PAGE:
A common recurrence, and weakness, I’ve noted in my poetry is the lack of concrete. I don’t have solid images, if any images, and there are no appeals to sense. Much of what I write lately has been based in emotions. While emotions are a way to feel, they are not concrete. Also, the way I experience something like panic may be different from how someone else does. The way I describe panic, like a thousand rumbling wasps buzzing in my chest, rising up in my throat, may be different than someone who may say panic feels inevitable like water sluicing down into the lungs, slipping and filling slowly until the only thing left to do is drown. The images, still, are not entirely developed, and the setting or event that onset the panic is absent.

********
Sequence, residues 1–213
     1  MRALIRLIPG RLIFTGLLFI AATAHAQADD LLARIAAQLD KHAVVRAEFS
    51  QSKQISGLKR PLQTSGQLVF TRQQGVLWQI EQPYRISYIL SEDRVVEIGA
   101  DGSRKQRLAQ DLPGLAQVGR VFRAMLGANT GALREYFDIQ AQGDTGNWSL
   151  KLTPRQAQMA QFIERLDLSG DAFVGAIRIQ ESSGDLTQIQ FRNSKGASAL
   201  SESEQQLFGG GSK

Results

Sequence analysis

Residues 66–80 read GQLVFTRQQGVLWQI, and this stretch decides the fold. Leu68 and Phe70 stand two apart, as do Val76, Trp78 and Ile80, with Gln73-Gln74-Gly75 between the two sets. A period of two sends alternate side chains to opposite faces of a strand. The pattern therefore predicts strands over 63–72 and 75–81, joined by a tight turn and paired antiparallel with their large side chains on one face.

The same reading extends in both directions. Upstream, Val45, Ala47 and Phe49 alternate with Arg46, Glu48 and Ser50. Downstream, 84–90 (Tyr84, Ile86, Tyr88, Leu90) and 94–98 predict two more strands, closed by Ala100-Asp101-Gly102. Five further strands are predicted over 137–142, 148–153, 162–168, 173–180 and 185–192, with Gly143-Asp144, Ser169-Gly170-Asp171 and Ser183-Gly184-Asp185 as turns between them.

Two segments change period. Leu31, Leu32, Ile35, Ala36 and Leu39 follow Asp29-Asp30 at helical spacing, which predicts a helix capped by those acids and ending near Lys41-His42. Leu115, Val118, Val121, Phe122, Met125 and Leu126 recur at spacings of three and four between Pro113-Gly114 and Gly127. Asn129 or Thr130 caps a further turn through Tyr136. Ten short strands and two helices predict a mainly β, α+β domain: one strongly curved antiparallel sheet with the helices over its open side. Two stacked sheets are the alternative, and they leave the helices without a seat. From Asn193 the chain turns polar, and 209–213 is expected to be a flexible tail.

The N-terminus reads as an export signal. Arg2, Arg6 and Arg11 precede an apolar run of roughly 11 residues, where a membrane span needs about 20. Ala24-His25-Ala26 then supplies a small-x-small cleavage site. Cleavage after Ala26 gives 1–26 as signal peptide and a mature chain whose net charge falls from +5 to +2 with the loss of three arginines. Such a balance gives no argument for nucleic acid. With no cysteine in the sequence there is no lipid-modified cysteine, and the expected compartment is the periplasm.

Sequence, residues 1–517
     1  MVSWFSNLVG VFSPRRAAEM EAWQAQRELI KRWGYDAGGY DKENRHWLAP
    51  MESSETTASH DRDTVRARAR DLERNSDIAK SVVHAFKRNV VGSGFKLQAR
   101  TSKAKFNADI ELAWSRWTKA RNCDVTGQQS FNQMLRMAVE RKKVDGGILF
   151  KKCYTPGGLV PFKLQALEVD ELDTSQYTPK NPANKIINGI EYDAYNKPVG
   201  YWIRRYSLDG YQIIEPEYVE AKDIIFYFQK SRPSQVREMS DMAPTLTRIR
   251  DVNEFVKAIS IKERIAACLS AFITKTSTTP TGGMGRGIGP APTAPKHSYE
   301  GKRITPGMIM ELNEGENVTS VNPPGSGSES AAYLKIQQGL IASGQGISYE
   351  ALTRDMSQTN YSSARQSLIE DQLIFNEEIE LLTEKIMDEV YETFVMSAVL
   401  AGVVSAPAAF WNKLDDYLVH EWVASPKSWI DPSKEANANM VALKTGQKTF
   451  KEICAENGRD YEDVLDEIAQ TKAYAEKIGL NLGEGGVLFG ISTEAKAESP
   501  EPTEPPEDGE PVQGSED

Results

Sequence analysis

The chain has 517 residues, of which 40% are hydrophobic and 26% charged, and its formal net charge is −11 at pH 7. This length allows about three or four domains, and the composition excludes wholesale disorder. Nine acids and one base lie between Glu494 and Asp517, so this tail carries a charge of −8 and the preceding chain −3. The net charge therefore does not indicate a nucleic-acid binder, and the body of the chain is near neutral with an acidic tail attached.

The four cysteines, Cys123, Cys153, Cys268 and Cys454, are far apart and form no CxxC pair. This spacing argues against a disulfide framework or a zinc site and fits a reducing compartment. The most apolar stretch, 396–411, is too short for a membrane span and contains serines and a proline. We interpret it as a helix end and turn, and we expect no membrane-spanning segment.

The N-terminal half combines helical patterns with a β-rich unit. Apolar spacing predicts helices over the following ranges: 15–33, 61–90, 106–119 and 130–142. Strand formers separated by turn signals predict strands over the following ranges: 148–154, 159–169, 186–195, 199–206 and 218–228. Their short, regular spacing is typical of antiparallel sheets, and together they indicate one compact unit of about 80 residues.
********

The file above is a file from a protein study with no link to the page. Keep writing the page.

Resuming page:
Most of my writing has been based in prose, which is easier to base a lot of descriptions, but poetry has always seemed different to me than prose. However, poetry still desires the imagery prose uses, and I’ve dropped that in favor of brevity and emotions. Prose needs both emotion and imagery, so it makes sense that poetry needs it to. Sure, poetry can be more fractured that prose gets away with, but that doesn’t mean imagery can’t exist within the shards.
One goal I’m setting for myself for the future is to use more concrete imagery in my poetry. I’ve been basing in abstract concepts that can apply to many concepts, but concrete bases can be more applicable at times.